By Christopher Harper
Even classic liberals are starting to understand just how dangerous the left has become.
In a recent cover story, the classic liberal magazine, The Economist, raised comfortable questions about the “illiberal left.”
The analysis takes a few jabs at Trump and the right, but the central thesis focuses on how liberals and leftists have less and less in common.
“As young graduates have taken jobs in the upmarket media and in politics, business, and education, they have brought with them a horror of feeling ‘unsafe’ and an agenda obsessed with a narrow vision of obtaining justice for oppressed identity groups. They have also brought along tactics to enforce ideological purity, by no-platforming their enemies and canceling allies,” the magazine notes.
“Superficially, the illiberal left and classical liberals like The Economist want many of the same things. Both believe that people should be able to flourish, whatever their sexuality or race. They share a suspicion of authority and entrenched interests. They believe in the desirability of change.
“However, classical liberals and illiberal progressives could hardly disagree more over how to bring these things about. For classical liberals, the precise direction of progress is unknowable. It must be spontaneous and from the bottom up—and it depends on the separation of powers so that nobody nor any group is able to exert lasting control. By contrast, the illiberal left put their own power at the center of things because they are sure real progress is possible only after they have first seen to it that racial, sexual, and other hierarchies are dismantled.”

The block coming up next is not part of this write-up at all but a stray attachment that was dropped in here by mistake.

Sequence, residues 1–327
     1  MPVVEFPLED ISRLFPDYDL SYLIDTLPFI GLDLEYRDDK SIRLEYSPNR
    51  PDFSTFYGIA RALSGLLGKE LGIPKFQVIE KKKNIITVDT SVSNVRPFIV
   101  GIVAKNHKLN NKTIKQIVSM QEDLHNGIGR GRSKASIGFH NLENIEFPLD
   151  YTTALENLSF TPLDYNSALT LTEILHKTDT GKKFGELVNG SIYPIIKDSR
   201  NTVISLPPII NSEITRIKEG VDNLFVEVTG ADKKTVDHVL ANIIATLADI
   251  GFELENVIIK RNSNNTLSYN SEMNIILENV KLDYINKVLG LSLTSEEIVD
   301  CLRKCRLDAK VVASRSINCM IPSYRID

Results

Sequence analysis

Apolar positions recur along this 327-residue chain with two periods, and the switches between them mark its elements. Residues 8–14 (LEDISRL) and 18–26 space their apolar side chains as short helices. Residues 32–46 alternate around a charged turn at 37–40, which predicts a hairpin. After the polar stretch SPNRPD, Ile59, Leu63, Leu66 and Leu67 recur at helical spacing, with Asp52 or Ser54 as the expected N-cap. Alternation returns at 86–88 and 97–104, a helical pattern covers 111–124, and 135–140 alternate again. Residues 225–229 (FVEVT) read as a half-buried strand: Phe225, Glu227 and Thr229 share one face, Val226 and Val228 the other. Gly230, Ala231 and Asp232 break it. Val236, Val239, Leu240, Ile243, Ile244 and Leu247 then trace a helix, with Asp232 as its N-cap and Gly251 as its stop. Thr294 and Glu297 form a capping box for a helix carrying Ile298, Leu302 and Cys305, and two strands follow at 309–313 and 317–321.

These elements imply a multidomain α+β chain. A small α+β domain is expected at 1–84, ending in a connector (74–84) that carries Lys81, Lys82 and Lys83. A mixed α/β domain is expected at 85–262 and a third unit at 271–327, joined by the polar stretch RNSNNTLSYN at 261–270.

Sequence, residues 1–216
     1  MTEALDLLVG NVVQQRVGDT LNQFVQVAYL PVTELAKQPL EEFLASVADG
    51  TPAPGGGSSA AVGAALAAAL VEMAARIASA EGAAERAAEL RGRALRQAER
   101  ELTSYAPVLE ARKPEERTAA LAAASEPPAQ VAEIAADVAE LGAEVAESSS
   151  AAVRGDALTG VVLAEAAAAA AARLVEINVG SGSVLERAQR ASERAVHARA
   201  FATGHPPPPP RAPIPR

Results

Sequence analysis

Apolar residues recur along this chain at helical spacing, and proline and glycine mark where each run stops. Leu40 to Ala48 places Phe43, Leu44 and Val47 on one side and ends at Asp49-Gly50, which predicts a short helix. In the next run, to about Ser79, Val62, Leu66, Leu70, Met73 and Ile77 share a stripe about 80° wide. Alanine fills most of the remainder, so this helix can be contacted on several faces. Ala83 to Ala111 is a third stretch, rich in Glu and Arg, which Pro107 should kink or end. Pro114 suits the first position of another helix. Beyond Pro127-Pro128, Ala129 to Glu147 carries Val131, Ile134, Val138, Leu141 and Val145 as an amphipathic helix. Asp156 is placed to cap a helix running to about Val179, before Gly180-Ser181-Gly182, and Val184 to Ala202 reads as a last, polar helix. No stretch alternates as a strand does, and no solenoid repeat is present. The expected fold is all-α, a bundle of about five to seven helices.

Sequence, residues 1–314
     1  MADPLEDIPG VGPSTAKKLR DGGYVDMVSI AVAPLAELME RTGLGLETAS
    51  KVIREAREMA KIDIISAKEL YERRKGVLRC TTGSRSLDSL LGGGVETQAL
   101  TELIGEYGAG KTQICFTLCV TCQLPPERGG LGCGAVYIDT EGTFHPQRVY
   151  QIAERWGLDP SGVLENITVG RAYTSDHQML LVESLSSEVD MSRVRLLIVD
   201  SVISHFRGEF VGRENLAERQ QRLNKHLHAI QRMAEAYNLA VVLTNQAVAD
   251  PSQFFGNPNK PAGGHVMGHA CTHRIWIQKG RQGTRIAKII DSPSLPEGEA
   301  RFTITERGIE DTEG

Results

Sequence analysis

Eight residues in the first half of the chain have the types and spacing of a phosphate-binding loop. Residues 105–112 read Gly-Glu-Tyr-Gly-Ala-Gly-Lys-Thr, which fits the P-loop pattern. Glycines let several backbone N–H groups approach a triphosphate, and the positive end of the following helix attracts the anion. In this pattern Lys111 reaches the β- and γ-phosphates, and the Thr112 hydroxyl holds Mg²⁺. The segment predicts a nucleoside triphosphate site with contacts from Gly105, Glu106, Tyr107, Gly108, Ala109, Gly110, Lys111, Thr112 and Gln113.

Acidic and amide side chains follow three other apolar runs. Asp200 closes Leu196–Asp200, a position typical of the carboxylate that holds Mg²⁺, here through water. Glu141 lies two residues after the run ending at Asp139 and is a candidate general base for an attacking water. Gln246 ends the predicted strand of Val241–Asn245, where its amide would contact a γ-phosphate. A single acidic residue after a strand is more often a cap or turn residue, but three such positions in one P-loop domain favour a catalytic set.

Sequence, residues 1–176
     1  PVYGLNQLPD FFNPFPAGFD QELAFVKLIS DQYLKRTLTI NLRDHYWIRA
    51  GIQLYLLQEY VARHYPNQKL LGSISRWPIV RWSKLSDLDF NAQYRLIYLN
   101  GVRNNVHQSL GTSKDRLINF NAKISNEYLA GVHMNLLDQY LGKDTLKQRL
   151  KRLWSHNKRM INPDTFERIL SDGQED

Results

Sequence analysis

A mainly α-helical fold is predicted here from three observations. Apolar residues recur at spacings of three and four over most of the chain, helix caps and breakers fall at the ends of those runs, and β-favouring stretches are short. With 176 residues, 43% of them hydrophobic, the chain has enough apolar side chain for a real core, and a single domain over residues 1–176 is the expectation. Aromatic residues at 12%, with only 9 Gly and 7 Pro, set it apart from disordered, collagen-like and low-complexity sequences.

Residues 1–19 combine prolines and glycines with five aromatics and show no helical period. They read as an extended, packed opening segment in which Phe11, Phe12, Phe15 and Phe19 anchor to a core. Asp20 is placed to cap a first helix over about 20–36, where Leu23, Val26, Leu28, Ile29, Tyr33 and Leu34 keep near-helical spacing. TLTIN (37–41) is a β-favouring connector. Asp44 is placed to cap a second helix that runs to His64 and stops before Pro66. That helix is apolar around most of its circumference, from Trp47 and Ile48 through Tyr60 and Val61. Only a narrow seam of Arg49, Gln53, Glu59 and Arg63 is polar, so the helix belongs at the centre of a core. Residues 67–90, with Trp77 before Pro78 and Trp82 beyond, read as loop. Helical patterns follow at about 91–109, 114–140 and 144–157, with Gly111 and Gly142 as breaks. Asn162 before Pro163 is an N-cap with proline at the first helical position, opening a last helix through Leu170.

The magazine chooses Ibram X. Kendi, a self-proclaimed “anti-racist,” as the poster child of what’s wrong with the left. Kendi, a National Book Award winner, is the director of the Center for Antiracist Research at Boston University.
“[H]is blunderbuss approach risks denying some disadvantaged children the help they need and others the chance to realize their talents,” the magazine argues. “[I]lliberal progressives think that equity requires the field to be tilted against those who are privileged and reactionary. That means restricting their freedom of speech, using a caste system of victimhood in which those on top must defer to those with a greater claim to restorative justice.”
The Economist makes no bones about its call for liberals to battle leftists.
“The ultimate complacency would be for classical liberals to underestimate the threat. Too many right-leaning liberals are inclined to choose a shameless marriage of convenience with populists. Too many left-leaning liberals focus on how they, too, want social justice. They comfort themselves with the thought that the most intolerant illiberalism belongs to a fringe. Don’t worry, they say, intolerance is part of the mechanism of change: by focusing on injustice, they shift the center ground.”
It’s noteworthy that these classic liberals see the problem. Is Joe Biden beholden to the center or the left? As he gets shouted down from the left, it seems he shifts more that way than to the center.
I hope the liberals ignore the entreaty to push back the leftists. To me, liberal or leftist has become a distinction without much of a difference. Both philosophies are bankrupt.